Weekly Twitter Digest (Link Roundup) for 2012-09-29

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About The Tim

Tim Ellis is the founder of Seattle Bubble. His background in engineering and computer / internet technology, a fondness of data-based analysis of problems, and an addiction to spreadsheets all influence his perspective on the Seattle-area real estate market. Tim also hosts the weekly improv comedy sci-fi podcast Dispatches from the Multiverse.

19 comments:

  1. 1

    If it’s not a public place, why do they think they can protest there?

  2. 2

    Harney’s piece this week starts with a rather odd beginning.

    With 30-year mortgage rates hitting new lows and recent borrowers’ payment performance the best by far in decades, you’d think that banks and other lenders might be loosening up on their hyper-strict underwriting standards.

    http://seattletimes.com/html/moneymatters/2019258649_hreharney30xml.html

    I’m not sure why you would expect low standards to go with low rates. That one makes no sense. If your lending money at low rates you’re going to want high standards.

    And even the second part, about recent borrowers’ performance doesn’t make sense. With low rates you don’t have much margin for error. Fewer defaults in the pool of mortgages will result in a net loss on the entire pool. That’s what you need to make a profit, not something you would avoid.

  3. 3
    Pegasus says:

    Anyone find any media coverage on the foreclosure disruption for Northwest trustees or is it bad for business for their big advertisers to publicize it?

  4. 4

    RE: Pegasus @ 3 – If I had to guess, the protesters probably didn’t think in advance to “alert the media.”

  5. 5
    Pegasus says:

    RE: Kary L. Krismer @ 4 – RT @jillayne: “Police have been called. News crews are here”.

  6. 6
    Pegasus says:

    RE: Kary L. Krismer @ 2 – His article is just howling from a member of the real estate pack for the banks to grease the way for more real estate commissions to flow by lowering standards. He is whining about credit quality and money down requirements. He is arguing for everything to return to the ways that got us into the mess. Using the low interest rates as an argument is idiotic. Lower rates mean that someone can borrow more money with the same income than they could when mortgage rates were at 6 percent. More money loaned/same income = more leverage/more risk. With Tim’s projected affordability of a 56,000 dollar income to buy a 378,000 house now I think we have plenty of risk already. If anything the standards should be tightened but they won’t be….

  7. 7

    By Pegasus @ 6:

    RE: Kary L. Krismer @ 2 -If anything the standards should be tightened but they won’t be….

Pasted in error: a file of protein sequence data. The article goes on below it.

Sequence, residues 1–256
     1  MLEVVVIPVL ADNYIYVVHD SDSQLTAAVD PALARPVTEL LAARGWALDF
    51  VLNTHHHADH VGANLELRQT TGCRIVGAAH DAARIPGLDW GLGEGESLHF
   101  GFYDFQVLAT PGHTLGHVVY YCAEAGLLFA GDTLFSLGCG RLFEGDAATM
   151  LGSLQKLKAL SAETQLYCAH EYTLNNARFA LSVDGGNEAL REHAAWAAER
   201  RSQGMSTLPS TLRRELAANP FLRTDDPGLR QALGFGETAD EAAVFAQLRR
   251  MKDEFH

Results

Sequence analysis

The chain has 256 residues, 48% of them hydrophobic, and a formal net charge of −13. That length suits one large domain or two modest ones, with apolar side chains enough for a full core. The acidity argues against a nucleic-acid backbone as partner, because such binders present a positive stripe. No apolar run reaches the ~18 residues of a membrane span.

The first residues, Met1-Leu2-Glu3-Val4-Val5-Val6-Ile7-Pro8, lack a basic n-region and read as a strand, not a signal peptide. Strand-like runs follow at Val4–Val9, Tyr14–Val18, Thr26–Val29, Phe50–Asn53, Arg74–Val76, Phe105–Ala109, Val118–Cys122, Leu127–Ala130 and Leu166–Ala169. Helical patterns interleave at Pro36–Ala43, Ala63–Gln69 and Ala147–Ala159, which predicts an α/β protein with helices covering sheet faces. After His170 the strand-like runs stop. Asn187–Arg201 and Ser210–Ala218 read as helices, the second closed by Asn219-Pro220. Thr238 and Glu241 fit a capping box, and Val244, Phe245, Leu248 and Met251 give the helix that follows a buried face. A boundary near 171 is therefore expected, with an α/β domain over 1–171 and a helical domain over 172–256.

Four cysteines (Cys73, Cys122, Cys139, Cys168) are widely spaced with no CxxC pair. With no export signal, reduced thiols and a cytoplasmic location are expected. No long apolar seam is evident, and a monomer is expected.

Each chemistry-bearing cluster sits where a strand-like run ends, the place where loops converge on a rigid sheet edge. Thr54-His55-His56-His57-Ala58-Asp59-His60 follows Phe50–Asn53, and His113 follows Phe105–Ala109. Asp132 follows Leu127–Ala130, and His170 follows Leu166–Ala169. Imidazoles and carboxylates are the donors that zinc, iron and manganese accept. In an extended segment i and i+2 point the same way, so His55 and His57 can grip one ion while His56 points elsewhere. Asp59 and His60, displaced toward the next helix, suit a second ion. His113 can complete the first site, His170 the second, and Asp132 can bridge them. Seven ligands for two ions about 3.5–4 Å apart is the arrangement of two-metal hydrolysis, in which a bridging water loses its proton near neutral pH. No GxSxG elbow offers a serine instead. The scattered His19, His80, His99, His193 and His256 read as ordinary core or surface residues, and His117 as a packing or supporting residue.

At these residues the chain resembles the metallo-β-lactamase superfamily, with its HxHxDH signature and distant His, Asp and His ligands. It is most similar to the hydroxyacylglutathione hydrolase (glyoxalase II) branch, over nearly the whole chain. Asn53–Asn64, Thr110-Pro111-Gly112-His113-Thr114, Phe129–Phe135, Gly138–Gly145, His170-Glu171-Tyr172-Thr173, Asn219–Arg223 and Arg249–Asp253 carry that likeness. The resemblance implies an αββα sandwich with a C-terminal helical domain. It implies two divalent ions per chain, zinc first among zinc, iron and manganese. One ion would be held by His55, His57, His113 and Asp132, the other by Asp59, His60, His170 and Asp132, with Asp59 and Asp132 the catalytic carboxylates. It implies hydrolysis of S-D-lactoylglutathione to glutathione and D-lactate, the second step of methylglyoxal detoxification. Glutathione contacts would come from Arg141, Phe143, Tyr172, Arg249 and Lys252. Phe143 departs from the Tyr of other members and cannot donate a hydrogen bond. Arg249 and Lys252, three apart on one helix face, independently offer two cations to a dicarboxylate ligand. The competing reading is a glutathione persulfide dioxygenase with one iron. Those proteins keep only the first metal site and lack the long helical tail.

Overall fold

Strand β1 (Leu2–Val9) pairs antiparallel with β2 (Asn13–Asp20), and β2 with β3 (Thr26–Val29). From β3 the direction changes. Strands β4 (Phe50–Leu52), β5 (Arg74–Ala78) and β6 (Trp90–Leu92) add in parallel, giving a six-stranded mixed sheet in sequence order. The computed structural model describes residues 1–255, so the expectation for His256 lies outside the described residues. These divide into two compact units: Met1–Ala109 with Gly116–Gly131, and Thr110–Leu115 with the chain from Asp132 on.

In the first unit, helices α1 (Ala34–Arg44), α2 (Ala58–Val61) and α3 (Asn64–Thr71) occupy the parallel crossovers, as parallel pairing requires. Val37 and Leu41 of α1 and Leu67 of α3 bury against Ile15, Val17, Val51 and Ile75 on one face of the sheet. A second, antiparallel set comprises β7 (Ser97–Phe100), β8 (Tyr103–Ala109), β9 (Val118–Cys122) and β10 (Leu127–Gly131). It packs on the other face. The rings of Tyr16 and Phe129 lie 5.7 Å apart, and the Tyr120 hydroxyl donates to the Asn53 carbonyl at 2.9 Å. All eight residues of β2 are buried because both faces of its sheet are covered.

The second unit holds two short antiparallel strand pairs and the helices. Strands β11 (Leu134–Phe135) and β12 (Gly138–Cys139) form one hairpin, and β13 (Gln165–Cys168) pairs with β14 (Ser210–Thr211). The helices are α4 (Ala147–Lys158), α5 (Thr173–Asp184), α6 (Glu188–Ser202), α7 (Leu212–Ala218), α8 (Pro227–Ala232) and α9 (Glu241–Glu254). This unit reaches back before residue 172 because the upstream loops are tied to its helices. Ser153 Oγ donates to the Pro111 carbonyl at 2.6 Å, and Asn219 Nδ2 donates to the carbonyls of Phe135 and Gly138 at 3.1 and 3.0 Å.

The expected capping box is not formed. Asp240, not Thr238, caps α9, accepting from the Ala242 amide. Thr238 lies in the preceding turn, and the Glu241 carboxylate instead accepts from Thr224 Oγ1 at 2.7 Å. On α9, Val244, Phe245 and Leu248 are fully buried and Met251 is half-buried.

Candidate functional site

I think the first part of that is what I was saying. If you’re loaning money at lower rates, you want higher standards.

    To explain it a different way, if you’re loaning money at 12% interest, you will still earn some profit (ignoring cost of funds) with a higher level of default than you would with interest rates at 4%. That explains why credit card companies could offer credit to high risk individuals–they charged over 20%, and could still make money with relatively high levels of default.

  8. 8

    By Pegasus @ 5:

    RE: Kary L. Krismer @ 4 – RT @jillayne: “Police have been called. News crews are here”.

    If the protest was entirely over the “public place” argument (I don’t know), maybe the press considered that a stupid argument. But hey, if the protesters thought that argument had merit, they should have tested it by walking around naked. ;-)

  9. 9
    wreckingbull says:

    The Stricker home is interesting.

    Another home I’d love to tour is this one:

    http://tacomavintagehomes.com/2011/06/whats-with-that-house-the-rust-mansion-on-north-i-street/

    The photos don’t really do it justice.

  10. 10

    The protesters had an agenda: To disrupt the auction and it worked. They marched in chanting and used whistles so loud nobody could hear anything. They had a list of complaints against Routh Crabtree and Olson, the law firm that owns the building and Northwest Trustee Services, the evil banksters, etc., etc. One person told a story about trying to get help avoiding foreclosure and was unsuccessful, and lost her home. Their “public place” argument goes like this: Auctions are suppose to be held in a public place and all the other auctions in Wa State are held at the county courthouse. In King County there’s an auction in Seattle at the courthouse and also in Bellevue at Northwest Trustee Services, which is a privately owned building. There is no parking allowed on site because all the other tenants complained that their cutomers couldn’t find parking on Friday mornings so everyone who attends the auctions is required to park offsite at a parking lot just east of the King Co Animal Shelter along Eastgate Way, and then we take a shuttle bus from the parking lot to the NW Trustee Svcs location. It’s not that difficult to comply w/the parking rules. I usually take groups of students using the carpool/offsite parking system once a month. It’s a 5 minute drive if we miss all the lights. So in a way, the protesters have a point. Looking at it from another angle, when I go to the Seattle courthouse or Pierce County courthouse, I have to park a couple blocks away….still accessible. The police allowed the protesters to continue their protests…but on the sidewalk away from the auction. There was a camera crew from KING 5 news. I think everyone was tipped off bc the KING 5 gal came with the protesters and there were LOTS of ppl from Routh Crabtree/NWTrustee with us hanging out that morning for no apparent reason. I support their right to protest and am glad we live in a country where we can protest.

  11. 11

    By Jill Schlicke @ 10:

    Their “public place” argument goes like this: Auctions are suppose to be held in a public place and all the other auctions in Wa State are held at the county courthouse. In King County there’s an auction in Seattle at the courthouse and also in Bellevue at Northwest Trustee Services, which is a privately owned building. . . . So in a way, the protesters have a point. Looking at it from another angle, when I go to the Seattle courthouse or Pierce County courthouse, I have to park a couple blocks away….still accessible. . . . I support their right to protest and am glad we live in a country where we can protest.